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Wildlife-friendly fences

Illustration of a wildlife friendly fence.

A “wildlife-friendly fence” gives big game animals a better chance at moving between areas without harm or excess spent energy. It also results in fewer maintenance costs for landowners. If a fence is designed with wildlife movement in mind, big animals are less likely to damage the fences.

While there is no one-size-fits-all answer when it comes to constructing wildlife-friendly fence, Game and Parks does have some recommendations. Keep in mind, what is best in one area may not work as well in another, so adapting to your environment is important.

Recommended fence design

The following fence design allows for wildlife movements.

  • A smooth bottom wire should be 16-18 inches from the ground, space enough to allow pronghorn to follow their instincts to crawl under.
  • The top wire should be placed at about 40 inches high, a jumpable height for most big game animals. Maximize visibility by tying flags to the top wire or using PVC pipe in areas where animals are known to move frequently. Deer and elk have poor depth perception, and so are more likely to see the PVC pipe, as are birds, including night-flying raptors.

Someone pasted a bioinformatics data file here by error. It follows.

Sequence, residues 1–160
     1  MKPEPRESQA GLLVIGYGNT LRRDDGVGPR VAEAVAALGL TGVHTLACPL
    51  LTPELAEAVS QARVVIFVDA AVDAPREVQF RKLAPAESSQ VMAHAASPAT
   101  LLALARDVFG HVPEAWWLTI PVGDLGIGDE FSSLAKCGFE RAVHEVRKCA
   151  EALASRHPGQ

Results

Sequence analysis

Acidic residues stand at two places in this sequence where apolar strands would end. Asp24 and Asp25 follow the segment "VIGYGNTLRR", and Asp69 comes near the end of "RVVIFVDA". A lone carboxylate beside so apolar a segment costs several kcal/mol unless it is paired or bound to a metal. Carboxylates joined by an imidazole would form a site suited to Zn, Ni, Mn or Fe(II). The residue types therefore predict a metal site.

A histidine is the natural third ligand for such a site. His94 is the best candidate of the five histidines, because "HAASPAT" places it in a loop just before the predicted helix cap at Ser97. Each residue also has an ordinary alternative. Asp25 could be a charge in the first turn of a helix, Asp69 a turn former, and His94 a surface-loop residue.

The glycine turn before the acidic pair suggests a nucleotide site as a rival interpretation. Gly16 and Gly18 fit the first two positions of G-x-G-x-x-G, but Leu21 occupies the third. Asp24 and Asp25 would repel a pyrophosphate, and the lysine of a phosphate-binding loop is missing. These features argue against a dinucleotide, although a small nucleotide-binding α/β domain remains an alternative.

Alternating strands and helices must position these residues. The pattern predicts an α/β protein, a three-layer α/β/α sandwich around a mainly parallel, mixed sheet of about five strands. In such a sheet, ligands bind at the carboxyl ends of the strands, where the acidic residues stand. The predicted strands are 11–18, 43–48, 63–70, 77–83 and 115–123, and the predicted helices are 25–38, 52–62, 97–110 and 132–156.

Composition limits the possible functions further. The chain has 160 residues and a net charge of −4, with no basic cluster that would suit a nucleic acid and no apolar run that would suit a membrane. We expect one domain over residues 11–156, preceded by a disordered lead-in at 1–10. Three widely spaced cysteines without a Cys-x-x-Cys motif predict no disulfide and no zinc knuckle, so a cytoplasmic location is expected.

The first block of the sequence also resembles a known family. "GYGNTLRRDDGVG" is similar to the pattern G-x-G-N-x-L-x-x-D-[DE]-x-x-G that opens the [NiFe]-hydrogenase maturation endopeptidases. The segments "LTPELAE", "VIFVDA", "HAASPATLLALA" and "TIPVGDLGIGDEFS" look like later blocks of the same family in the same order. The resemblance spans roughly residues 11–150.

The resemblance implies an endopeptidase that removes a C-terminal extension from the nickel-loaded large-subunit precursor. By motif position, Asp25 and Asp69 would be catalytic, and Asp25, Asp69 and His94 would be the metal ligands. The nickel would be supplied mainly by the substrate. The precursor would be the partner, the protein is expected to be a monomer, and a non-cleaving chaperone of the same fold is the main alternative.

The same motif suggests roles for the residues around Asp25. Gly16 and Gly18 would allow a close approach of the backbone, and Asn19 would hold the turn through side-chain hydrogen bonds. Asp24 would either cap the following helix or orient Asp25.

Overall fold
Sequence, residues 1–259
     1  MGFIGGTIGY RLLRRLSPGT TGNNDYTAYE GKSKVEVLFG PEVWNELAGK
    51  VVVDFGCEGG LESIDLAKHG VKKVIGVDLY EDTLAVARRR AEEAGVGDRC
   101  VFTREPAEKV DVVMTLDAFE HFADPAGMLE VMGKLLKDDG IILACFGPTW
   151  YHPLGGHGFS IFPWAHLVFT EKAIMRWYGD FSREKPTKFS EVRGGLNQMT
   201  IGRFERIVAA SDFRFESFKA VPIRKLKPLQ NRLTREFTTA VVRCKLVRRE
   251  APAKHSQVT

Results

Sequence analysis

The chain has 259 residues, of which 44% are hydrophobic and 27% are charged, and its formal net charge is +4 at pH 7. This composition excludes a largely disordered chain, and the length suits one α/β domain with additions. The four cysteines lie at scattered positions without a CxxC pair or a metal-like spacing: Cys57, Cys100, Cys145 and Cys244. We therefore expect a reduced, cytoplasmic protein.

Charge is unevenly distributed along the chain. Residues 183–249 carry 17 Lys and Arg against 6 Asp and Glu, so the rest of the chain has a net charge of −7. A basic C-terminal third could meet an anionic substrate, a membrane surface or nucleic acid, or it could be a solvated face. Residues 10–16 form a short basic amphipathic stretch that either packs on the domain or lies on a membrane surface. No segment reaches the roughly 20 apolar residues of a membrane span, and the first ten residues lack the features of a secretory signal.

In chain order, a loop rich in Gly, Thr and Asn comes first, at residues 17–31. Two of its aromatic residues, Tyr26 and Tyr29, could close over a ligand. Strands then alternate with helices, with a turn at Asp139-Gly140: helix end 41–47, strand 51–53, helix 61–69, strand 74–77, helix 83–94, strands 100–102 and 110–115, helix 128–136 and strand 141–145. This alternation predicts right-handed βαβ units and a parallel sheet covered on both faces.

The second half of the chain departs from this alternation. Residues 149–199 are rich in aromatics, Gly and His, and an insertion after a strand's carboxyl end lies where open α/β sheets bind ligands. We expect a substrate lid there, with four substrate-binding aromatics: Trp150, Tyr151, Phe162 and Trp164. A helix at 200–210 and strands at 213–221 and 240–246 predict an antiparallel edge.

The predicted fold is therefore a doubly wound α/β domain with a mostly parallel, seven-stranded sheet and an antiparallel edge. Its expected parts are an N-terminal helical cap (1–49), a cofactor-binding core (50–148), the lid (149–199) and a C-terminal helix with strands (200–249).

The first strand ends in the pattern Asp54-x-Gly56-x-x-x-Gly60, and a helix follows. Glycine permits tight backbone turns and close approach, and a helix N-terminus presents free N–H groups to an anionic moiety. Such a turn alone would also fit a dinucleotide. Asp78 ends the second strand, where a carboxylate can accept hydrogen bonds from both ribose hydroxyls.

• The fence has just one or two middle wires, placed at least 1 foot below the top to reduce chances of snaring the legs during a jump.
  • Make sure all wires are tight. Loose wires are more likely to wrap around wildlife and livestock, resulting in their ultimate death.


Wildlife safety is just one consideration to building a fence. Along roads with high traffic, for instance, it might be wise to put the barbed wire on the bottom instead of smooth for human safety. Or, if the road is really busy, a tall woven wire fence that directs animals to underpasses may be best.

Other things to consider:

  • A tall fence is not necessarily better for managing elk movement. A shorter fence may trigger the animals to jump over it instead of charging through or leaning against it.
  • For fences designed with elk movements in mind, braided cable instead of single-strand wire at the top of a fence will withstand better a collision with an elk’s hind legs.
  • A well-constructed fence of the design recommended above should hold cattle. Even if a calf makes its way under the fence, it usually will return to its mother without much trouble.

More info

For tips on building wildlife-friendly fence, contact a Nebraska Game and Parks Commission district wildlife office, a nearby USDA Natural Resources Conservation Services center, or a variety of conservation organizations.

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